Director: Zack Snyder
Cast: Ben Affleck, Henry Cavill, Jesse Eisenberg, Amy Adams, Gal Gadot, Jeremy Irons and Holly Hunter
Running Time: 151 minutes
Release Date: March 25th
How you feel about Man of Steel is going to heavily influence how you feel about Dawn of Justice. Did you dig the heavy sci-fi leanings, unsubtle xenophobic subtext and over-the-top comic-book style over substance? Or did you think the neck-snapping U-turn away from Nolan’s realist Dark Knight trilogy was a misstep? Either way, Snyder has doubled down on those pros and/or cons here, kicking off with that city flattening finale, used here as something of a prologue.
Affleck’s semi-retired Batman spends the eighteen months since Zod’s attack putting together a plan that will protect the Earth should Cavill’s Superman decide to go dark. Meanwhile, Supes is in the middle of his own mess, having been framed for the murder of several Middle Eastern gun-runners, which gets the attention of the U.S. government, fronted by Holly Hunter. On top of that, Eisenberg’s Zuckerberg-ian Lex Luthor seems somehow related to all these threads, waiting for just the right moment to pull them tightly together to form a noose around Superman’s neck.
For the first hour or so, the action is pretty sparse, as Snyder and his writers set up a myriad of reactions to Superman’s arrival, from those who view him as a religious figure, to a free-floating terrorist outside of any means of control. This is also a different slant on Bruce Wayne, a hero to a Gotham that no longer seems to need him, but one who has seen so much good go rotten to the core, that he can’t help but view Superman as being just one bad day away from ending humanity.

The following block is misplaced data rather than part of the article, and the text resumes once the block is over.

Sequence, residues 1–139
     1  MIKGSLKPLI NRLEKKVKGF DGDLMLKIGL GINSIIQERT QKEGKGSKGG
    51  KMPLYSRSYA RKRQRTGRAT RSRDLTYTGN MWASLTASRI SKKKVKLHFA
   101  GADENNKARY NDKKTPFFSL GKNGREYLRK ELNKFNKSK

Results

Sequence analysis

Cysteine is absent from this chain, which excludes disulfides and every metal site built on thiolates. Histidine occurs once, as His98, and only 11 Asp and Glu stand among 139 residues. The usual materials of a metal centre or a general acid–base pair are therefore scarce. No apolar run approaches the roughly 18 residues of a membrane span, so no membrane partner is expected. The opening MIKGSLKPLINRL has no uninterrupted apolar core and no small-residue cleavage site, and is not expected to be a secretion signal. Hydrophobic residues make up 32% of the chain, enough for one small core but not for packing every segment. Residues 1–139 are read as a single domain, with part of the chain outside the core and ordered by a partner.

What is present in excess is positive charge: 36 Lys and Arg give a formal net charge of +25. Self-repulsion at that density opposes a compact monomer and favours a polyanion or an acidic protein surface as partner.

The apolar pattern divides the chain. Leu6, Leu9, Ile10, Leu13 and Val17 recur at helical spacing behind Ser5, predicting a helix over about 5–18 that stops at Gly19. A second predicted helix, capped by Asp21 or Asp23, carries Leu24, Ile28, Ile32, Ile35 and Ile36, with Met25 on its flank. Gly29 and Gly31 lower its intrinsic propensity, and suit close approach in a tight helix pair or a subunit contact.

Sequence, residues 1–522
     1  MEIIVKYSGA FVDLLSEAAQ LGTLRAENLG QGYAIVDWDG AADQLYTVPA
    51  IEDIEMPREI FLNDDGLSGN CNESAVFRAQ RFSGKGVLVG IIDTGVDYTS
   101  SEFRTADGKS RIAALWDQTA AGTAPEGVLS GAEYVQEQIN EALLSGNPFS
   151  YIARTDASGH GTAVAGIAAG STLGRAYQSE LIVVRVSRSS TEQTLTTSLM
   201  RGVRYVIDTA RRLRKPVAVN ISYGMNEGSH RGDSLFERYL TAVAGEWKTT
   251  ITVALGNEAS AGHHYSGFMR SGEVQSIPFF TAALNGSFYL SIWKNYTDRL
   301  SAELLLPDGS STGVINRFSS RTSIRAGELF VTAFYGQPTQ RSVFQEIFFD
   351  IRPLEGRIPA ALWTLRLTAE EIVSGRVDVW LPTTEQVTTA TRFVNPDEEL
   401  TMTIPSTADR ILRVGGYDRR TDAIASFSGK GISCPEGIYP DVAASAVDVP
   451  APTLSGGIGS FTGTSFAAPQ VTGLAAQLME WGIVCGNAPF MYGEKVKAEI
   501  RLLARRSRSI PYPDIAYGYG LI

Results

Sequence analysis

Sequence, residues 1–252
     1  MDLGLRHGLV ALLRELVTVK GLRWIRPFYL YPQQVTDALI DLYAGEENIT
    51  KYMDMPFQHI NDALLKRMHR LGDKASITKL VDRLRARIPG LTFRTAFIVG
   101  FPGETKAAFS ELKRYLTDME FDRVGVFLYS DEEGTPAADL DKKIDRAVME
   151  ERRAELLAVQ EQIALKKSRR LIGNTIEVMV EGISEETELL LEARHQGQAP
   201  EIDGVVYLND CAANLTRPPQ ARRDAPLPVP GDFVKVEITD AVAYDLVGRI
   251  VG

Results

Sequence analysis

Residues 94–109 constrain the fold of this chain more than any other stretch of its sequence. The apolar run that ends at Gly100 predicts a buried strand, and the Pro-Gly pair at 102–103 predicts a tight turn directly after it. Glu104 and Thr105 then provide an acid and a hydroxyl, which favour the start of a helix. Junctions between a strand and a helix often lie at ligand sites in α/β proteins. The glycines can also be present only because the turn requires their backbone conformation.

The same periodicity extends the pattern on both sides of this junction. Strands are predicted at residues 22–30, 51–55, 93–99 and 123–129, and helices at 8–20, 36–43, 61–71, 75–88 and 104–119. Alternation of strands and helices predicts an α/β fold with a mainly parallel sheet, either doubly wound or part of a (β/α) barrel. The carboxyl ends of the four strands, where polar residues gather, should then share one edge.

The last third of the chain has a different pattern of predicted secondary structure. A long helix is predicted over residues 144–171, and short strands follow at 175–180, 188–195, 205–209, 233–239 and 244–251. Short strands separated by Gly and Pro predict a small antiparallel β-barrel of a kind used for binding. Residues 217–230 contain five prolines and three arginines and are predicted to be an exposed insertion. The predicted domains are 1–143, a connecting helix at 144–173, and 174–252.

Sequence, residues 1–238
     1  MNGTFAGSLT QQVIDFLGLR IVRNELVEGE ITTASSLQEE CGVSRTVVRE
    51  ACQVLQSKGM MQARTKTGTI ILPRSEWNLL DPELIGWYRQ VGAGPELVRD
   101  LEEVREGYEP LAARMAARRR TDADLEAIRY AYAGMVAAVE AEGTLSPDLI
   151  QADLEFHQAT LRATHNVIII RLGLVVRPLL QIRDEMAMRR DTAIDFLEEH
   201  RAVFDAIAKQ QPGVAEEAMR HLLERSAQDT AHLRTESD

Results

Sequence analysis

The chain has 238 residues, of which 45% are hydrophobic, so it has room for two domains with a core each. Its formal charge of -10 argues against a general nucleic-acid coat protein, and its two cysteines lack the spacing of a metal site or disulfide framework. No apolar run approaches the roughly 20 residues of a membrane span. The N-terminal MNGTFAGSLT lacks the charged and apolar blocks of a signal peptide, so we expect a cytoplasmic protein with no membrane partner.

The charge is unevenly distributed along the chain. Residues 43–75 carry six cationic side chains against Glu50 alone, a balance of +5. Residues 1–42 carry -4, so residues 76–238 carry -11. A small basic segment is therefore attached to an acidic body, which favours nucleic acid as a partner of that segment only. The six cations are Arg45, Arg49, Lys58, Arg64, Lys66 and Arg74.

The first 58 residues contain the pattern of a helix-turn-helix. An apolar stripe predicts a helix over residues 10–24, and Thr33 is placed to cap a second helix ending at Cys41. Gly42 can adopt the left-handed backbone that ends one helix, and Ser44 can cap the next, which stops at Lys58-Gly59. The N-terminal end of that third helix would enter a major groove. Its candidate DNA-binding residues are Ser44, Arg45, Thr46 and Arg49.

Had the film decided to keep its attention on just those two, things might’ve stayed pretty good, but instead… Well, it’s right there in the title. Justice League is on the way, and anytime Snyder tries to shoe-horn in the future of the franchise, things get very messy. Gal Gadot does pretty well as Wonder Woman, but doesn’t have much more to do than we’ve already seen in the trailer, while other foreshadowing nods just confuse proceedings in an already overstuffed story.
Snyder still has no idea what to do with Amy Adams’ Lois Lane, who here not only puts herself in harm’s way (again), but annoyingly keeps throwing wrenches into the works. The leftover cast from Man of Steel barely get a look in, while the newbies either ham it way too much – Jeremy Irons as Alfred is FAR too invested in Bruce’s love-life, while Eisenberg goes too heavy on the physical and verbal tics and ends up calling to mind Jim Carrey’s The Riddler – or else just aren’t around often enough to leave an impression.
Affleck does a great job as the dual Wayne/Batman character, which is something just about no other actor could claim to. From Keaton to Bale, they usually nailed one but not the other (or in Clooney’s case, neither), but Affleck is both believable as the swarmy, luxurious billionaire and the shit-brickhouse superhero, plus Snyder pulls some influences from the Arkham Asylum video games, as this Batman is a fluid, satisfyingly violent ass-kicker, his action scenes with other mere humans being the best in the movie.
Once the CGI gets involved though, we’re back to those complains about the ending of Man of Steel. It’s just another CGI slugfest, with the (already spoiled in the trailer) arrival of Doomsday – which looks like the lovechild of Abomination from The Incredible Hulk and the human/alien hybrid from Alien: Resurrection – resulting in yet another city-flattening scrap. Although if anyone can think of an alternative method for a third-act action-sequence in a superhero movie, please do pass the word on to DC and Marvel.
Looking back at the most criticized part of Man of Steel, that climactic Metropolis fight, from the perspective of Dawn of Justice it actually improved upon it. By putting Wayne on the ground, the entire heartless affair suddenly conjours up massive 9/11 similarities. Perhaps the same will happen when we look back at some of the more confusing parts of Dawn of Justice from the perspective of the upcoming Justice League movie.
Even running at over two-and-a-half-hours, it feels both too long and savagely edited, the breathing room for tone changes completely missing, while other all-too-obvious set-ups are left dangling interminably. At once very entertaining and painfully messy, taken on its own merits, Dawn of Justice just bit off way more than it could chew.